Everett Greenbaum on the creation of the character Gomer Pyle
The 1960s saw a return to "the more mundane sensibilities of comedy," due to viewers' wishes for television programming to be a "cultural antidepressant." Thus, fantasy- and rurally-oriented comedies gained popularity and dominated the Nielsen ratings. Like other comedies at the time, Gomer Pyle was a "deep escapist" show; it avoided political commentary and offered viewers a distraction from the social changes of the 1960s. Despite being a military-themed show and airing during the peak of the Vietnam War, the show never discussed the war. Instead, the show was founded on "Gomer's innocent simplicity [and] Sergeant Carter's frustration and later concern for Gomer's well-being." This, compounded with the popularity of rural comedies in the 1960s, made the show popular. Frank Sutton, who played Carter, ascribed the show's popularity to its concentration on its two main characters, and the plots being built around their respective personalities. The program remained in the top 10 of the ratings throughout its run—in the top three for all but its third season when CBS moved it from Fridays to Wednesdays. Nabors quit because he desired to move to something else, "reach for another rung on the ladder, either up or down."
After Gomer Pyle left the air, Jim Nabors hosted his own variety show, The Jim Nabors Hour, from 1969 to 1971. As well as showcasing Nabors' singing and rich baritone voice, the show included comedy sketches that featured Nabors's Gomer Pyle co-stars Frank Sutton and Ronnie Schell. Though told that he should not leave Gomer Pyle, Nabors felt that the show would still be exciting and noted that every character he portrayed in his sketches "turn[ed] out to be Gomer."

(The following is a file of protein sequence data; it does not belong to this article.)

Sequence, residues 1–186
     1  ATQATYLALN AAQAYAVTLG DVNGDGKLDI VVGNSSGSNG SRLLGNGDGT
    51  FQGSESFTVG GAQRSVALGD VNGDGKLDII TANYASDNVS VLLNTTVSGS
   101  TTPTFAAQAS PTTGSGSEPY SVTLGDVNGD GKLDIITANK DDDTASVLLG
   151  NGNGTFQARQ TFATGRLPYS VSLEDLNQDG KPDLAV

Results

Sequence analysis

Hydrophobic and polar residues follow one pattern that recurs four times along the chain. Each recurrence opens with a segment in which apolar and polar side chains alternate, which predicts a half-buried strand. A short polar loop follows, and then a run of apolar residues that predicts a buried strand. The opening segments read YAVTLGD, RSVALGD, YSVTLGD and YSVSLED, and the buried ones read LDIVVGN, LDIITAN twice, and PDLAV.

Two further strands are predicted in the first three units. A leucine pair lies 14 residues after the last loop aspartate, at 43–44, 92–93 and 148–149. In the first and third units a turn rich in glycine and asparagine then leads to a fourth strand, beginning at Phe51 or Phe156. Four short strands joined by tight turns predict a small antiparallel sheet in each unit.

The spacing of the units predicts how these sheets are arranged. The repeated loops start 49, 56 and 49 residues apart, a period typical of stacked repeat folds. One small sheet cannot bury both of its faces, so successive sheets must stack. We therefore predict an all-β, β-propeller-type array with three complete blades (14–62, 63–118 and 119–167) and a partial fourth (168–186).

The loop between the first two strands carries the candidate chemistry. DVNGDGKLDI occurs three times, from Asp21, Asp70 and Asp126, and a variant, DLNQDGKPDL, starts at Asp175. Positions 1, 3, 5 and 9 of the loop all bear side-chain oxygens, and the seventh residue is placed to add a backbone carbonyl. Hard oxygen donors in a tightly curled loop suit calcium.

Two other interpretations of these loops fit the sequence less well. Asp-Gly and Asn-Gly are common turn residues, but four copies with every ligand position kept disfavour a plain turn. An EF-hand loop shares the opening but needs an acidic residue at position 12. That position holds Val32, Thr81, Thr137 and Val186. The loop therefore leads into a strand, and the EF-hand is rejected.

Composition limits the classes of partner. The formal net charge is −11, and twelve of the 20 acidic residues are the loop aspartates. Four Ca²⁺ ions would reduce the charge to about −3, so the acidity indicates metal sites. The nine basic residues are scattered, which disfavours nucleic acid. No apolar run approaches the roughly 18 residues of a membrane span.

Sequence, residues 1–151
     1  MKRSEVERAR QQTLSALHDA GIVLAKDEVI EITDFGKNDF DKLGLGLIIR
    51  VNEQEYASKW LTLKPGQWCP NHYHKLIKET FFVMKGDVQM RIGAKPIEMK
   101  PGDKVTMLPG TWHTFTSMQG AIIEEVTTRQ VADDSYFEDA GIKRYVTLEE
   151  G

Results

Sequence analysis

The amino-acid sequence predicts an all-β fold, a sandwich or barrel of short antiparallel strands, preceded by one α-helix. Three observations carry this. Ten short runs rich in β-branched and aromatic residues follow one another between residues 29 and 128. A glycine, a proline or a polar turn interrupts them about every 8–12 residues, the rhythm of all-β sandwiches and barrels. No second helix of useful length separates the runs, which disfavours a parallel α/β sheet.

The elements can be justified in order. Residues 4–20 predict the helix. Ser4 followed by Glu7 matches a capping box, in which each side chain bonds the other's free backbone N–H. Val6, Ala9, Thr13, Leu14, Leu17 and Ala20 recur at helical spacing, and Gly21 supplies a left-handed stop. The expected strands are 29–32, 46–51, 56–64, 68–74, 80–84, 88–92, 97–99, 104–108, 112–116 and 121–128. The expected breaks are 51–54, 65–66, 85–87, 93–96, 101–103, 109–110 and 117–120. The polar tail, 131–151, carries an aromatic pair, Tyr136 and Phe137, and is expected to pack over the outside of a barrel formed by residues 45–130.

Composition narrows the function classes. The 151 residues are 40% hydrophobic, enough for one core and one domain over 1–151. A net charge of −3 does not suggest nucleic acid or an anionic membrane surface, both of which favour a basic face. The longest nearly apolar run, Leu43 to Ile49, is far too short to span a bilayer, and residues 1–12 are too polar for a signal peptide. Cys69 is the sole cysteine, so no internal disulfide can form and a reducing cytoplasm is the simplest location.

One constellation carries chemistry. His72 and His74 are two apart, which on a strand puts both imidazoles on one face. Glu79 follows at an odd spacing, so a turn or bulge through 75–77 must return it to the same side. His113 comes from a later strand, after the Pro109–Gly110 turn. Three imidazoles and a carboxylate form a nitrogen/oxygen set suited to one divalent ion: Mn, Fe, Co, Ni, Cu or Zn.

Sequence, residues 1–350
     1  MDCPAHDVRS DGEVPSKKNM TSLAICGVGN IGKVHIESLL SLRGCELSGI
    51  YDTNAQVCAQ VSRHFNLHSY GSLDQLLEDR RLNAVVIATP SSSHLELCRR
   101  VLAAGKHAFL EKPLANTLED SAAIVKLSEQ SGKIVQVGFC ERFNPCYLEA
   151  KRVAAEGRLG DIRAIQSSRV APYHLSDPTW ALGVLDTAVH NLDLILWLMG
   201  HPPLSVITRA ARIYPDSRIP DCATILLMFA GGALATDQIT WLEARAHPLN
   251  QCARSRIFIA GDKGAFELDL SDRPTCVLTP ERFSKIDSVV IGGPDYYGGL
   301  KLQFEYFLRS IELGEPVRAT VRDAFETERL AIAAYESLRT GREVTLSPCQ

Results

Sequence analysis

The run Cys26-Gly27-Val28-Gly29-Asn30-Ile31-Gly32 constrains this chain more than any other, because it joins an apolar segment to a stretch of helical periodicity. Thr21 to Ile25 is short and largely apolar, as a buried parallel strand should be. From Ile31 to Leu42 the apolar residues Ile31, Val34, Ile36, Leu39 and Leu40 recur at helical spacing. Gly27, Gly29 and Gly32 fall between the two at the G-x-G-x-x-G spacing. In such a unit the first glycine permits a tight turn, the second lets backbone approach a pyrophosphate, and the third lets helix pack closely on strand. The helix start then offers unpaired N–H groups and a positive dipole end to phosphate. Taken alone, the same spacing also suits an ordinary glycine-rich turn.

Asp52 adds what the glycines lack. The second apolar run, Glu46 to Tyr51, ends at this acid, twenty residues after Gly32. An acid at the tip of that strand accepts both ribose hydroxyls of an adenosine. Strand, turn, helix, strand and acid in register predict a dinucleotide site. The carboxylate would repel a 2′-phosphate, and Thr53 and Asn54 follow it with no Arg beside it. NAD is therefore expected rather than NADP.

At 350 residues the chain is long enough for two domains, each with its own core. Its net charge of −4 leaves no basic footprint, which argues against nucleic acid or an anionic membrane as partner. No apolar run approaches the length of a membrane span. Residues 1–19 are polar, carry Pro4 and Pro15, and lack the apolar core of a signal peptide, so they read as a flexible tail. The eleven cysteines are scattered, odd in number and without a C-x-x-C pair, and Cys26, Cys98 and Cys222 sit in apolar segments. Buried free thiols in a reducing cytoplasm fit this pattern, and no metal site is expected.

The show was produced by creator Aaron Ruben, Andy Griffith Show producer Sheldon Leonard (in partnership with Griffith), and Ronald Jacobs; it was co-produced by Bruce Bayley Johnson and Duke Vincent. Among the writers were Sam Bobrick, Harvey Miller, Aaron Ruben, Jack Elinson, and Bill Idelson; Andy Griffith Show writers Everett Greenbaum and Jim Fritzell also wrote episodes. Coby Ruskin was the primary director in the first four seasons, before John Rich took over the role for the fifth season; other directors included Gary Nelson, Peter Baldwin, and Alan Rafkin. Ruth Burch was in charge of the casting, and John Finger directed the cinematography. The theme song was composed by Earle Hagen, who also composed the themes for shows such as The Andy Griffith Show, The Dick Van Dyke Show, and That Girl.